AT ITS pre-season launch four years ago, St Kilda went on the front foot, declaring that by 2018 it would be a top four side, preparing to win the premiership within two years of that.

In the real 2018, as opposed to the one spelt out on a glossy piece of paper, the Saints are miles off it.

They are in a world of pain, and they know it. Their rooms were closed to everybody in the immediate aftermath of the 49-point loss to Adelaide on Saturday night at Etihad Stadium. Even club president Peter Summers was made to wait outside.

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They have kicked 12 goals in their last two games – both on their home deck and in perfect conditions – and what's worst is that their fans have already lost faith.

Barely 19,000 fans were there to see it – the lowest crowd for a Saints-Crows clash at Etihad Stadium since 2003.

Truth is the Saints are not giving their fans much reason to come to the footy. They were much better in the contest this time compared to the Good Friday debacle against North Melbourne, especially in the first half, but they butchered the ball time and time again.

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"You just can't beat quality teams if you don't maximise opportunities," coach Alan Richardson said afterwards, pointing out how regularly St Kilda gifted the ball back to Adelaide by kicking the ball out on the full, often under little pressure.

"We had big periods of control but were unable to create any scoreboard pressure. We failed some basic execution,” he said.

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Part of that was the delivery to the forward line, but also the forwards itself.

"The forward line didn't work," the coach admitted and that's where the heat will come this week.

The Saints tried the three talls – Tim Membrey, Josh Bruce and Paddy McCartin – in the first two weeks of the season and they delivered six goals between them in the season opener against Brisbane and none last week.

Membrey was a late withdrawal on Saturday night and the suggestion is that he might be missing for another week or so with a troublesome knee.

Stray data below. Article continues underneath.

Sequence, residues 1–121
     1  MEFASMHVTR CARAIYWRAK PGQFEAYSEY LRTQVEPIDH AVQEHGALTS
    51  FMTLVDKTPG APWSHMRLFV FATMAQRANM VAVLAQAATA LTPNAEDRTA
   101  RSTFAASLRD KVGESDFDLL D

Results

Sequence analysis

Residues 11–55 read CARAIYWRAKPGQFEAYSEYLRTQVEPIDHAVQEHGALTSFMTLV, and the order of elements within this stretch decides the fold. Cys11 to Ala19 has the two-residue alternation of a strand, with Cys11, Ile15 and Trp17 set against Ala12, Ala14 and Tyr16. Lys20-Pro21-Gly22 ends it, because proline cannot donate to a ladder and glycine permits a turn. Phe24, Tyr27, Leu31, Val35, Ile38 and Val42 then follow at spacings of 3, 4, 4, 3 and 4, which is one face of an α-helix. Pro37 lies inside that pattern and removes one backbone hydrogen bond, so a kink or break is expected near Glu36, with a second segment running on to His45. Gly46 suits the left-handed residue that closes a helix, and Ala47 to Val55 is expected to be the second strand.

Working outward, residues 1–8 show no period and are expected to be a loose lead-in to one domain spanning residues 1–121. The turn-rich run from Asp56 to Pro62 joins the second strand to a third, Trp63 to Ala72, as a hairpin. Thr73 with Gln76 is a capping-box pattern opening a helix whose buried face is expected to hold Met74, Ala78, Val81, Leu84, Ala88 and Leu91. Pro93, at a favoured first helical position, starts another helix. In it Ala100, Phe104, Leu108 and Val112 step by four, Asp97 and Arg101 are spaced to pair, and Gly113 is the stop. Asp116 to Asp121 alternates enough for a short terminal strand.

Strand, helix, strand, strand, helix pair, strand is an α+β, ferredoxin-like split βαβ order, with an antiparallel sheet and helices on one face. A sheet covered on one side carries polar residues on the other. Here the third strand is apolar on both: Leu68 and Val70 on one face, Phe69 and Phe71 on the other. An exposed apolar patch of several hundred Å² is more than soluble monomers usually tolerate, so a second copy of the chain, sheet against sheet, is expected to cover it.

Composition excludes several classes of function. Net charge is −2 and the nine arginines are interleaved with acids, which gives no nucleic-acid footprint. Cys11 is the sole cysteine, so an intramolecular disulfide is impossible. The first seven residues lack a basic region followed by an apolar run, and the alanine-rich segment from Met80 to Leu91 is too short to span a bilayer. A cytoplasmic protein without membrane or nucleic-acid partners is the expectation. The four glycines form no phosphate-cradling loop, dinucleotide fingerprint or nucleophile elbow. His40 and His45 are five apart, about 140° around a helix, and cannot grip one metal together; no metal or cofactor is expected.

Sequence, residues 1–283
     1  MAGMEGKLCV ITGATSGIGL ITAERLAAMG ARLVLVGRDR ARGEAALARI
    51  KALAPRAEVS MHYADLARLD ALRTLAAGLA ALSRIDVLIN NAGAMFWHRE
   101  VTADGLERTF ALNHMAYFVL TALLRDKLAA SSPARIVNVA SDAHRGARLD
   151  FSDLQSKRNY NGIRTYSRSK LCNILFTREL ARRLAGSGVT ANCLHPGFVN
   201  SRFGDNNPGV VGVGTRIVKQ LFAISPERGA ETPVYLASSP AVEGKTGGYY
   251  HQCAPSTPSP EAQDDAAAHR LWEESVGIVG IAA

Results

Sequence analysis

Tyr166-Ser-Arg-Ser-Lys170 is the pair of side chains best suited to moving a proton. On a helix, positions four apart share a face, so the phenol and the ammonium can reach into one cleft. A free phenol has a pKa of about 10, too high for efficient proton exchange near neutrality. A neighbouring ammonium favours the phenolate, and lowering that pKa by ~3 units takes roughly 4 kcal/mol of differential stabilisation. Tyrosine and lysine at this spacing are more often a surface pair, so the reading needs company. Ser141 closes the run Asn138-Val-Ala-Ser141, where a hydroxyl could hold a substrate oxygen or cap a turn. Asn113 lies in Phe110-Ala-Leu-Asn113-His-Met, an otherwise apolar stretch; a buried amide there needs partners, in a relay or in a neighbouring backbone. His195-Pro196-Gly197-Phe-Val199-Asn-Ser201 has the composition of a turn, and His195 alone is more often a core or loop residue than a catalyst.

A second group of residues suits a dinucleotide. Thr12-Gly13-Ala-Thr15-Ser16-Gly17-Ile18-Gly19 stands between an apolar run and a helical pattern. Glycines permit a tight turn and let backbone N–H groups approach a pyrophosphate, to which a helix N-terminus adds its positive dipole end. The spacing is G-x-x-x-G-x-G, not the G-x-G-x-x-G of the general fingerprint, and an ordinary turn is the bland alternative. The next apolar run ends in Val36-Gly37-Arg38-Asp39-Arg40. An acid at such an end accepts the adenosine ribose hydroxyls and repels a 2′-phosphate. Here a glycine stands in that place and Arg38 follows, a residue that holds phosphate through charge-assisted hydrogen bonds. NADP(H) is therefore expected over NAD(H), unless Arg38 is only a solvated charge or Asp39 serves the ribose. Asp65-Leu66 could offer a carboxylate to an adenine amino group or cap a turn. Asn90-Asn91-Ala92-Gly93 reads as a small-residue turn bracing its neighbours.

That left Bruce and McCartin to carry the load and they were both poor.

Bruce had 10 touches, five marks and a goal, but he didn't have an impact. McCartin also had 10 touches but didn't kick a goal and his failure to take games by the scruff of the neck is becoming a real concern for the Saints.

McCartin is starting to get the run of injury-free consecutive games St Kilda has always claimed he has needed. But given what they invested in him – the No.1 pick in the 2014 NAB AFL National Draft if you need any reminding – they're not getting the return.

Richardson forecast some changes to the forward structure for next week's game against Geelong at GMHBA Stadium.

But his options seem limited. Can he manufacture a swarming small forward line like that which carried Richmond to the flag last year and which clubs like Hawthorn seem to be aping?

Returns of 5.12 and 7.13 over the last two weeks will demand some sort of action be taken.

Poor kicking plagued St Kilda last year and the club went and secured Ben Dixon as a specific kicking coach.

Let's hope the former Hawk sharpshooter isn't on a performance-based contract because so far, it hasn't worked, much like a lot else at St Kilda.

There were all sorts of other prognostications in the grand plan Summers unveiled to the world on that warm February night in 2014, and some are closer to fruition than others.

But the premiership by 2020? Not likely.